Safety stock is a quantity of stock you plan to remain in inventory to protect against fluctuations in demand or supply. Safety stock is sometimes referred to as overplanning, forecast, or a market hedge. In the context of master scheduling, safety stock refers to additional inventory planned as protection against forecast errors or short term changes in the backlog. You can specify safety stock days together with safety stock percent as item attributes in Oracle Inventory.

You establish the default use of safety stock calculation when you define your planning parameters. You can override this option for individual material plans when you generate an MRP or MPS using the Launch window. See: Defining Planning Parameters and Launching the Planning Process.

When launching the planning process, you can choose whether to calculate safety stock when generating suggested planned orders and repetitive schedules in the Plan Options window. If you choose to run the planning process with the safety stock option, Oracle Master Scheduling/MRP looks at each item to determine the method of safety stock calculation. You can define safety stock methods for each item using in Oracle Inventory. See: Entering and Reloading Item Safety Stocks.

MRP Planned Percent

If you choose a safety stock method of MRP planned percent for an item, safety stock is dynamically calculated during the planning process.

For discretely manufactured items, the safety stock quantity is dynamically calculated by multiplying the safety stock percentage you define by the average of gross requirements for a period of time defined by the safety stock days.

For repetitively manufactured items, the planning process multiplies the percentage you define by the average daily demand for a given repetitive planning period. The planning process recalculates the safety stock quantity for each repetitive period in the planning horizon.

Inventory Methods

Oracle Inventory provides several different methods for calculating safety stock. See: Entering and Reloading Item Safety Stocks.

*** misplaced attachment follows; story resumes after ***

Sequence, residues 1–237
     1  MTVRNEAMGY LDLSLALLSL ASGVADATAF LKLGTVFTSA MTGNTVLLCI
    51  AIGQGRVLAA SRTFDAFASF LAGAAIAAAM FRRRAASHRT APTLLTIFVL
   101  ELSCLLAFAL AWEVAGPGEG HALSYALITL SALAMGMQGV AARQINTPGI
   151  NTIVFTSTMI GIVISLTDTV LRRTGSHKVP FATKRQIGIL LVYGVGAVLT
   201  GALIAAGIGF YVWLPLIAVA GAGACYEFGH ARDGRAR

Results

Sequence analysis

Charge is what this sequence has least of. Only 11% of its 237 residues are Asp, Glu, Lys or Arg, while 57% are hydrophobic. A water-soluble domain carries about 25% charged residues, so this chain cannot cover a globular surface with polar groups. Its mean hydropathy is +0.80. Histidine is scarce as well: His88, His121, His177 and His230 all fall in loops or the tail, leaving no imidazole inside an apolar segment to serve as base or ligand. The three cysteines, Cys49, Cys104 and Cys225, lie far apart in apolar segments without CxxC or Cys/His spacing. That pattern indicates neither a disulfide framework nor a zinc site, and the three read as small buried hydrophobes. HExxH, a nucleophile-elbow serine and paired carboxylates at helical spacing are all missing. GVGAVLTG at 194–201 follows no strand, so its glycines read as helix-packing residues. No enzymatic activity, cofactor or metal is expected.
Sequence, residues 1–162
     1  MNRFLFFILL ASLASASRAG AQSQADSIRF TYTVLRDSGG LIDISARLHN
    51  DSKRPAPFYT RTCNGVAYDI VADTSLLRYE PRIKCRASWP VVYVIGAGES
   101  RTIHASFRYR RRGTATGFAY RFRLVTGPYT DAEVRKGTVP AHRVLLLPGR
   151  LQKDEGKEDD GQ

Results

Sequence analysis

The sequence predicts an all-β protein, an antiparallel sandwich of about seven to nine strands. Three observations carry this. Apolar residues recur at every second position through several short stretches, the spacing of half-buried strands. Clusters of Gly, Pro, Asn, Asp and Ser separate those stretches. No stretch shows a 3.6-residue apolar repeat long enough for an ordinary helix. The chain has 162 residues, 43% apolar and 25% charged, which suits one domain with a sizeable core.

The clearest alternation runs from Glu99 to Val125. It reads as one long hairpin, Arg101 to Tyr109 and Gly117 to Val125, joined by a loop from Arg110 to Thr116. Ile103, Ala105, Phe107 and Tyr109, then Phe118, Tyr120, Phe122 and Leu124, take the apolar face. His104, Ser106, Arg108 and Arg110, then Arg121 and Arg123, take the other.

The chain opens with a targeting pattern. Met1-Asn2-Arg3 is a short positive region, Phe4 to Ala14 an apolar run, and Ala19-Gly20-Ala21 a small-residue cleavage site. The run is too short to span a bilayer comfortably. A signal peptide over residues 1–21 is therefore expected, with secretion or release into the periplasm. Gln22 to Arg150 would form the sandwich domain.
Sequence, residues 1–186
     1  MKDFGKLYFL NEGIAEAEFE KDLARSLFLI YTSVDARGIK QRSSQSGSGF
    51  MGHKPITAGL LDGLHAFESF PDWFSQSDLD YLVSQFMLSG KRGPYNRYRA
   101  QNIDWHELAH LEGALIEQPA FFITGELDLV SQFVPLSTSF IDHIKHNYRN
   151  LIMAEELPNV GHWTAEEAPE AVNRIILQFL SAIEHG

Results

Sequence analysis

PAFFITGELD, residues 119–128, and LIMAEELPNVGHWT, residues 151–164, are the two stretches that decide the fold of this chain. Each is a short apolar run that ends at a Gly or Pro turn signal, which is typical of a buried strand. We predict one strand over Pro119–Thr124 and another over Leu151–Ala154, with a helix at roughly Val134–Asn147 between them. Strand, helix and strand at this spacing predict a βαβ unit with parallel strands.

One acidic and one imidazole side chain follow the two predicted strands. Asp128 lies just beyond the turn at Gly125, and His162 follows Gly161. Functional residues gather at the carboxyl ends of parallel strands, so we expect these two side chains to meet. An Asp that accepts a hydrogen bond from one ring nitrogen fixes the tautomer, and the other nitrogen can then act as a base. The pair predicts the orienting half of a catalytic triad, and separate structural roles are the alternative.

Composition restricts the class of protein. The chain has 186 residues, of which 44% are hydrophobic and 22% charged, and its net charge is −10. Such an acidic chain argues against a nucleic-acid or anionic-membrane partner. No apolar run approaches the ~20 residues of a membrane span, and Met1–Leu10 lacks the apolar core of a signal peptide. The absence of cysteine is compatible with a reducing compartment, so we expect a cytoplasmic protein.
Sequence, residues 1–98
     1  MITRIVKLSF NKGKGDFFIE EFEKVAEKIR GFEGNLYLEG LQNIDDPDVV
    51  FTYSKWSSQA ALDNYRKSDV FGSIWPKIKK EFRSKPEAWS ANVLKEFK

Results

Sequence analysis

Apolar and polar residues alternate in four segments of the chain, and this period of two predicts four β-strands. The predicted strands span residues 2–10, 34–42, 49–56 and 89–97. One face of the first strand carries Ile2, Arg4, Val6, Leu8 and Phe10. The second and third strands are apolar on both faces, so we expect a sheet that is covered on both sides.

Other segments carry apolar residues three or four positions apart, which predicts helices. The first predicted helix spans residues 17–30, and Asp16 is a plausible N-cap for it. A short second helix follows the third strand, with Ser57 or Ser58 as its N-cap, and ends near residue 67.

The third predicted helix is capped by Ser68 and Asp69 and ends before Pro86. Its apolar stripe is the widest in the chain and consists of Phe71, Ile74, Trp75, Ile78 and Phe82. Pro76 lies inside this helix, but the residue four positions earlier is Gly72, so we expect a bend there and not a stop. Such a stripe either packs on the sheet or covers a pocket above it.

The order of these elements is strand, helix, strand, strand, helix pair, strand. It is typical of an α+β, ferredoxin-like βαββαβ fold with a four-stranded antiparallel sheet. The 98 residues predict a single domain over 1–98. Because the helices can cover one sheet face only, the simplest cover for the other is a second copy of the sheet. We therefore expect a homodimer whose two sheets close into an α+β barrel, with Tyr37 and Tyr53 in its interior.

The following methods are available within Oracle Inventory for calculating safety stock and are used during the planning process if your safety stock method is Non-MRP planned:

Mean absolute deviation (MAD) Calculate safety stock as the mean absolute deviation (MAD).
User-defined percentage Calculate safety stock using the percentage you define times the average monthly demand.
User-defined quantity Use a fixed safety stock quantity you define.
Safety stock quantities generated in Oracle Inventory according to effectivity dates are included in planning. Instead of manually changing the user-defined safety stock quantity each time a change is needed, the user can now set effectivity dates for when a change in quantity takes place.

Lot Expirations

For items under lot control, you can define the shelf life of lots that controls when the lot expires. The planning process tracks lots and their expiration dates. If the expiration date for a lot occurs before the lot is used to satisfy gross requirements, the unused portion of the lot as expired is considered. An expired lot gross requirement is created to offset any remaining portion of the expired inventory lot.

For example, the following item has a quantity on hand of 300 that consists of 3 lots of 100 each, due to expire on days 5, 10, and 15 respectively. The item has gross requirements of 150 on day 4 and 50 on day 12. The plan would look as follows:

Beginning QOH = 300 Demand Type Quantity Projected QOH
Day 4 Gross requirement 150 150
Day 10 Lot expiration 50 100
Day 12 Gross requirement 50 50

Only 50 units from the second inventory lot were used before they were due to expire on Day 10. Therefore, a gross requirement with a type of lot expiration to offset the quantity of the inventory lot that is projected to expire is created.

See Also

Implementing Planned Orders


Creating a Bill of Material

Defining Items

Overview of Material Control